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How satisfied are your tenants?

Customer service and satisfaction have become the management buzzwords of the past few years. Everywhere you go, you hear business people stressing the importance of keeping the customer happy.

Yet, as you and I can often painfully attest, there are few organizations that go beyond paying lip service to this goal. The fact of the matter is that superior service is the exception, not the rule.

Measuring customer satisfaction

One reason that the promise of customer service is seldom kept is that it is often difficult to quantify. As a result, although companies intend to make service a top priority, they never really know how well the objective of customer satisfaction is being achieved.

Quantifying customer service also helps identify your strengths, so that they can be capitalized on, and your shortcomings, so that they can be improved upon. And by comparing these strengths and weaknesses to those of your competition, you may be able to establish an advantage you can communicate to potential customers.

To quantify your customer service, you need two things:

* a survey of how the customers feel about the products and services you are providing, and

* a method to quantify these feelings into an objective, measurable format.

Conducting the survey

Many companies make an effort to survey customers. In our firm, we use the form shown in Figure 1. This is mailed on an annual basis to each of our residents to ensure that a representative sampling is obtained.

On the reverse side of this document is our address. Customers simply complete the survey, fold it, seal it, and drop it in the mail. The postage is prepaid to encourage a good response rate.

Typically, the response rate to our survey averages 28 percent, which is an exceptionally high return rate. This response yields an accuracy rate of approximately plus or minus 2 percent.

While many companies conduct surveys, few take the all-important step of quantifying the results into a number that can be evaluated and measured. But for us, once the forms are received and tabulated, the most important work of quantifying the results begins.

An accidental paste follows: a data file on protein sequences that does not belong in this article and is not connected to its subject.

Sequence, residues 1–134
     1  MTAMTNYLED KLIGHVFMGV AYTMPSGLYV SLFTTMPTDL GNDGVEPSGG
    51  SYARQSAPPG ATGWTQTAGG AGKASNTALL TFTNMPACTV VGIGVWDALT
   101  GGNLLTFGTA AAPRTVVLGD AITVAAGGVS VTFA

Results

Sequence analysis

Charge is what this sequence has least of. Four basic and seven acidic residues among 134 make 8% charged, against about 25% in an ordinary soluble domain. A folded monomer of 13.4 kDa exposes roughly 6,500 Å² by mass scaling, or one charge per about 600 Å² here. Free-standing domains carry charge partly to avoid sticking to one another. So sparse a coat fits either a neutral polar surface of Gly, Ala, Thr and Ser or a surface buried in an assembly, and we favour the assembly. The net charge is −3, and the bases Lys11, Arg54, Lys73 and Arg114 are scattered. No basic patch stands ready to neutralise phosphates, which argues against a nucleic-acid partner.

Building a customer satisfaction index

To quantify the results of the responses to each question in our survey, we build a customer satisfaction index (CSI). A weighted average, on a scale of one to ten, is developed for each question and for the whole survey. Figure 2 shows the process for building these scores.

Once the score for each question is computed, the results are combined into three separate indices: a CSI, a PSI (product satisfaction index), and an SI (site index). In our survey, questions 1-9, 10, and 19 go into determining the CSI; questions 7, 8, 12, 14-17, 24, and 26-28 make up the PSI; and questions 20-22 constitute the SI.

Experience has shown that the CSI is the most important of the three indicators. This index has the most direct relationship to how capably each of our locations is managed. The questions in the CSI are primarily related to the onsite management team, which, in my opinion, is the single most important element of our operation. Invariably, the properties with the highest CSI scores are the locations that operate to their maximum potential.

Improving on your weaknesses

Locations with marginal or poor CSI scores indicate a need for improvement. Because the CSI pinpoints the specific areas of an operation that need improvement, it is relatively easy to formulate plans to correct these underlying causes.

For example, when the response to a particular question is below what is acceptable, an action plan is developed to correct the situation and improve this score. Each action plan includes: